Now that the dust has settled on the Alibaba IPO, we are not surprised to find the company sporting a ~$240 billion market cap, or Internet companies in Emerging Markets as a whole accounting for nearly $600 billion in total market cap.
But the bigger question remains: how much market cap will Internet companies in Emerging Markets create in the coming years?
One simple way to start answering this question is to look at how much market cap has been created by Internet companies in Developed Markets. Today, Internet companies in Developed Markets like the US account for ~$1.3 Trillion in public market cap. While it would be tempting to assume that Emerging Markets simply “catch up” to this over time and eventually get to $1.3 Trillion as well, this misses the bigger picture.
The bigger picture is this: over the next decade or so, Emerging Markets will account for 50% of the world’s GDP, 66% of the world’s growth in GDP, and 87% of the world’s population. So in all likelihood, Internet companies in Emerging Markets will account for a similar percentage of global Internet market cap over time as well, and grow to closer to ~$4-5 Trillion in market cap.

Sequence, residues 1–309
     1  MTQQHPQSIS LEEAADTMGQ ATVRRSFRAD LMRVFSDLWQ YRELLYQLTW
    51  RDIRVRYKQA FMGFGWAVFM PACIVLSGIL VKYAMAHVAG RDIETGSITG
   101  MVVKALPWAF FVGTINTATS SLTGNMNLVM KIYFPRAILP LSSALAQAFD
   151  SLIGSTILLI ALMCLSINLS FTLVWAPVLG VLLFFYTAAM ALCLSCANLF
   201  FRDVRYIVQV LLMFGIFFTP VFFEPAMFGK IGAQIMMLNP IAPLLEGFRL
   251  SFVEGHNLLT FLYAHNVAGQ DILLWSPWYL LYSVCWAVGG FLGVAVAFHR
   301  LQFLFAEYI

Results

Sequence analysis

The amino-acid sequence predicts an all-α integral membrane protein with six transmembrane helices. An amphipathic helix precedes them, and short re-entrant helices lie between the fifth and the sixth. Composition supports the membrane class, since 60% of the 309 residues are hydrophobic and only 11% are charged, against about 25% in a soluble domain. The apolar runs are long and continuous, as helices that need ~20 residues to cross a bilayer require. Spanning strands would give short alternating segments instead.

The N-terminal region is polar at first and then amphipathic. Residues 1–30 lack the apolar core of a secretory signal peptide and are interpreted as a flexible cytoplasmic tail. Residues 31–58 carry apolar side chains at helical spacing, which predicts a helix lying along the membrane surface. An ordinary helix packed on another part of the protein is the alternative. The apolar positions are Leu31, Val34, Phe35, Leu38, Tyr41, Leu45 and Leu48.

I often get asked what I think about Rocket Internet, particularly now that they are in the midst of pursuing an IPO. I’ve never met the Samwer brothers. So while others have very strong opinions about them as individuals, I don’t. In fact in some ways I applaud their entrepreneurial vigor and some of the successes they have had, and wish them success in their upcoming IPO.
But I do think that the “company-builder” model that they’ve popularized doesn’t make much sense in the technology industry.
When I speak to other investors who invest in some of the types of companies we invest in, we often use shorthand to describe an emerging market Internet business that resembles a successful US one. The shorthand usually describes the business in question as the “this of that”. For example, the “Amazon of India” or the “Netflix of Russia”.
We use this shorthand to quickly describe the gist of what a company does. Does it deliver video over the Internet? Then it must be kind of like Netflix. Does it sell multiple categories of goods and have its own warehouses? Then it must be kind of like Amazon.
But an important part of using analogies like this involves recognizing that they have limitations. Sometimes, huge limitations. Emerging market companies are often so different from their US parallels that using analogies can really get you in trouble in terms of understanding what the company actually does.